Truck Company Operations- Keyboard Drill
By: Thomas D. Kuglin Jr.
As much time that is involved in creating a musical masterpiece it is critical to have the knowledge and skill set to operate your equipment effectively. Learning a new instrument takes time and practice. Mistakes will be made and the end result is an unfinished, raw product. However, over time and with more practice, you’ll be well on your way to creating a masterpiece. The same holds true for truck company operations. Specifically, the art and finesse of turntable control operations. Whether you are a new aerial apparatus operator or a seasoned operator who has the drive to constantly improve and sharpen skills time must be taken to practice these control operations.
Early in my fire service career assigned to Memphis Fire Department (TN) Truck 26, I learned how important these operations would be. I have also been, for the last 8 years as a Training Officer, witness to students or aerial operators who may need some practice when it comes to the technique involved in operating the aerial device from the controls perspective. I have developed a simple drill that allows a systematic and effective approach to learning and sharpening these skills. The drill is in correlation with learning a how to play a musical keyboard. It is important to build the foundational skills in conjunction with taking the time, effort, and practice to produce a masterpiece. The drill consists of three easy steps to help you achieve becoming an aerial device wizard.
Step One is simply crafting the fundamental basics consisting of hand placement and movements, remembering control lever locations, and developing rhythm. As the drill card indicates, read the lines as if you were reading a music note. Each line will have a series of commands that direct you to perform a function or movement. The basis behind this component is to become one with the control levers, where they are located, and eventually performing aerial device maneuvers without looking at the console. This step should be performed as a simulation only as a building block.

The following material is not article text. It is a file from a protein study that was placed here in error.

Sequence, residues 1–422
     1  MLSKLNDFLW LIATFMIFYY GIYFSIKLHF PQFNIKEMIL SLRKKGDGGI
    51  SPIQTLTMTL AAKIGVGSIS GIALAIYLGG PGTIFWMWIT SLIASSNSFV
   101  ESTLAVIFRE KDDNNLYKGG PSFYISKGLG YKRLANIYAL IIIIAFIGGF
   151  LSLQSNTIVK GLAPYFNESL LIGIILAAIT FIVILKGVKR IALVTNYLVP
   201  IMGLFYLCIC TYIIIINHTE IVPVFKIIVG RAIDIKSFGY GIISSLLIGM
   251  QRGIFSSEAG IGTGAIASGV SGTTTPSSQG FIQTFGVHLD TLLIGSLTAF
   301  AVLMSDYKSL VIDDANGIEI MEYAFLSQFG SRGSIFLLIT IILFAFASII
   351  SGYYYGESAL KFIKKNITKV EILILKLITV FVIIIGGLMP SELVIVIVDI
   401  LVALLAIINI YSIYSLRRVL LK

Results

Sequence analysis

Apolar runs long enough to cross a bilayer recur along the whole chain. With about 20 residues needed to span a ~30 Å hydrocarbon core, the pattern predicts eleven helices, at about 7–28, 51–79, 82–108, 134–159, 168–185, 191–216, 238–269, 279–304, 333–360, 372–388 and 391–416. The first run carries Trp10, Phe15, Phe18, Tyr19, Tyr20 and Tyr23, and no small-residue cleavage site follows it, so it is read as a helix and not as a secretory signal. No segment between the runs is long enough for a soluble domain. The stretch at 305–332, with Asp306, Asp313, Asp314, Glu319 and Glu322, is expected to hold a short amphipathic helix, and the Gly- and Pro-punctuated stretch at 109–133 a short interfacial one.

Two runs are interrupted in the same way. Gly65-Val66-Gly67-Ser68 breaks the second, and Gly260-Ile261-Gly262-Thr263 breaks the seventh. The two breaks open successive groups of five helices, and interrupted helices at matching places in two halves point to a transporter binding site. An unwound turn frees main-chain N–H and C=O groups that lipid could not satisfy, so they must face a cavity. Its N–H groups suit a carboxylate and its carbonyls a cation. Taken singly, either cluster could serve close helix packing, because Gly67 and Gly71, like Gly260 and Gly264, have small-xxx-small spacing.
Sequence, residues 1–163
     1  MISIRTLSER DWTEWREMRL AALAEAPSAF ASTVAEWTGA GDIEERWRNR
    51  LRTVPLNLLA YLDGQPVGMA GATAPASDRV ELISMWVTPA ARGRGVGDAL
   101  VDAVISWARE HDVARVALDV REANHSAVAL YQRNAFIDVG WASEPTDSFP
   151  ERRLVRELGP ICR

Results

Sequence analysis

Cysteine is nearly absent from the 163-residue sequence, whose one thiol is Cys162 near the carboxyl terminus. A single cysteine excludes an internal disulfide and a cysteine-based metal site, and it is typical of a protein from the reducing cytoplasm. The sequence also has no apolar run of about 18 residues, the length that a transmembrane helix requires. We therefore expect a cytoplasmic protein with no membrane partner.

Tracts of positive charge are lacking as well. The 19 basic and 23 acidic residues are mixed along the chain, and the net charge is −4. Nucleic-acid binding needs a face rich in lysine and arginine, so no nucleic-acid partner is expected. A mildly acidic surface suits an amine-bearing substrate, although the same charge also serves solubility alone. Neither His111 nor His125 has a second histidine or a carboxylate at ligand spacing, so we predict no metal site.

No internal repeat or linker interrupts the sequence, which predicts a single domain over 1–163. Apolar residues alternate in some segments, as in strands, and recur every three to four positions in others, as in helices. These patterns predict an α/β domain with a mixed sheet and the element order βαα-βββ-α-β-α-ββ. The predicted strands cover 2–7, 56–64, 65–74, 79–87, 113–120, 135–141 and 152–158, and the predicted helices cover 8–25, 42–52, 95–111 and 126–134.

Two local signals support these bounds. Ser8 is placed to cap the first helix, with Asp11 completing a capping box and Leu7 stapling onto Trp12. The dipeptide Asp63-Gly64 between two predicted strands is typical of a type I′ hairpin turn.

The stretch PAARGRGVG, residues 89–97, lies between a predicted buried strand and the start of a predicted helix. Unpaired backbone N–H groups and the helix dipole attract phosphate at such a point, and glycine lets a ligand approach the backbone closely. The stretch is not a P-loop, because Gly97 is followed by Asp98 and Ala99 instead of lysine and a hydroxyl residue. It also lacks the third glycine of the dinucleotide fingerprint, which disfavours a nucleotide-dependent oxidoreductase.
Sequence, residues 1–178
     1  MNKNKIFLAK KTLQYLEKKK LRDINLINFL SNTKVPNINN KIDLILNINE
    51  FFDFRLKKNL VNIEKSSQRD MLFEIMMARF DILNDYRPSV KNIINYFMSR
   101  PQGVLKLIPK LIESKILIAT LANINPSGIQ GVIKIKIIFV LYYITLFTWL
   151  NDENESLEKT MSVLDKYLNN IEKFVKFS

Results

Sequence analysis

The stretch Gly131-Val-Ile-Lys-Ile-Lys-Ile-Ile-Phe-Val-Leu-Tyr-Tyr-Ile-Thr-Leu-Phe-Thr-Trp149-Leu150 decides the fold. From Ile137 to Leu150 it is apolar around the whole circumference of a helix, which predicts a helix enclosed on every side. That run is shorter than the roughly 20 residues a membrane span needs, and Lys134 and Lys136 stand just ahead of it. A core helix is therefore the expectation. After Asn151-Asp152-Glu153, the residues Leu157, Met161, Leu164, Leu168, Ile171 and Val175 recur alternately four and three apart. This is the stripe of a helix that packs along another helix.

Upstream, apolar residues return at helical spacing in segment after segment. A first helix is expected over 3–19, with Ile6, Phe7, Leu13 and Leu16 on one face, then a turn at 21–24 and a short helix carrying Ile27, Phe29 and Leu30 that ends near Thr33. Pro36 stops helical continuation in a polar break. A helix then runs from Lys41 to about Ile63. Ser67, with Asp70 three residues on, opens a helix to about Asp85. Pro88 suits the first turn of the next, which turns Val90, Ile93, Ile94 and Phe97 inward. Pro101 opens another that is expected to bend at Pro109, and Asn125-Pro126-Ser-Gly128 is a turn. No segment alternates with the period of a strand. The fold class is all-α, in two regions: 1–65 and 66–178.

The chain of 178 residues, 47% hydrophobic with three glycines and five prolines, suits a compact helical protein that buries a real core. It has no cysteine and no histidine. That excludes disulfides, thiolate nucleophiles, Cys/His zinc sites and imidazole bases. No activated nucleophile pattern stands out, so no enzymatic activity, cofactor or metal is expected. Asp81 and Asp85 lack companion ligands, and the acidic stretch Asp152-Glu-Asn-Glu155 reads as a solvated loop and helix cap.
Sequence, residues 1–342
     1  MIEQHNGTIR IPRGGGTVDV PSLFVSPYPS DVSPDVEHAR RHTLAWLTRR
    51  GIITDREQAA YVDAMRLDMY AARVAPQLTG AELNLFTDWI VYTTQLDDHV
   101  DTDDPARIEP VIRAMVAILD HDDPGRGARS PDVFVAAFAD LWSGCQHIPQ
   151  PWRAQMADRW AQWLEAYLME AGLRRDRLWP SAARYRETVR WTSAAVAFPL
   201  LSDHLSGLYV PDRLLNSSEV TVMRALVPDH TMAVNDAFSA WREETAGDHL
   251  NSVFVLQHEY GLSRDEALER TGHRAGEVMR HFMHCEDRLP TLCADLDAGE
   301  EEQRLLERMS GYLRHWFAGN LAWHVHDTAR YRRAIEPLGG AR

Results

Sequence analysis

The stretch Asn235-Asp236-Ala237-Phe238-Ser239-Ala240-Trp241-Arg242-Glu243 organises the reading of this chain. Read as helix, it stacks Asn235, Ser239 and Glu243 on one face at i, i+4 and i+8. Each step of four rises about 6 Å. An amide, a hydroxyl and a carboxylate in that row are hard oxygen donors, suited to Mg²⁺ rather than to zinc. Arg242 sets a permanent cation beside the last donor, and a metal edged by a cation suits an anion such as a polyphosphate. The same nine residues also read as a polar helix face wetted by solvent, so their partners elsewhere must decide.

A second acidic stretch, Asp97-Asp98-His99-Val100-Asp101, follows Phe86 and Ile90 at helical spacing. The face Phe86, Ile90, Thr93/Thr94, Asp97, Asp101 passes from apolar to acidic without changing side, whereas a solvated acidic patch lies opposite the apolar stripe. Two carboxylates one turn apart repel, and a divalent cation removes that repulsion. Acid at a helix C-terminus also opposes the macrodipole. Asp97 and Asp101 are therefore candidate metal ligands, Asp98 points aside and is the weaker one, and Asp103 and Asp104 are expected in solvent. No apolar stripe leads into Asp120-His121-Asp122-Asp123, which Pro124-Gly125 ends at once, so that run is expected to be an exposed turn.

Step Two should be conducted after you become more proficient with the objectives in Step One. This component should be performed during live aerial operation evolutions. Practice using consistent hand placement to perform the functions or movements. From this, you should practice being smooth, coordinated, and rhythmic which leads to a strong technique and the ability to operate with finesse.
Step Three should also be conducted under live aerial applications. This component adds more advanced elements to sharpen your maneuvering skill set. Add the addition of traffic cones or a filled water bucket to assist with providing a measurable objective to identify progess and areas of improvement. Being able to place a cone on top of a cone or moving a filled water bucket without losing an abundance of water will tell you which areas of improvement you will need and which foundational skill needs adjusting.
The key to this drill is to eliminate the sudden starting and stopping of the aerial device operation that would cause the device to excessively sway back and forth, therefore, increasing the potential for missed targets and other hazards to include device and control lever damage, limited spacing of apparatus in which sway could cause damage, and wear and tear on cables and hydraulic components. Becoming proficient in the techniques and skills of this drill will ensure smooth operations when making multiple, simultaneous aerial device maneuvers which decreases the time required to get the device where it needs to be when time is of the essence.
Remember, this drill can be tailored to fits the needs of your organization’s aerial operations program and recommended to be included into a regular regimen for aerial apparatus operators.
When performing single or multiple maneuvers gradually decrease the control lever motion as opposed to a sudden let off to ensure smooth, consistent operation.
Know your equipment! Identify the whether your operating controls are electric-hydraulic in which the control lever sends a signal to a solenoid that actuates the hydraulic valve whereas the hydraulic-hydraulic control directly opens the valve. Be mindful of the delay potential.
Always use a spotter despite advanced technique and proficiencies.
Incorporate into your aerial operations training program and as an impromptu drill on-the-go.
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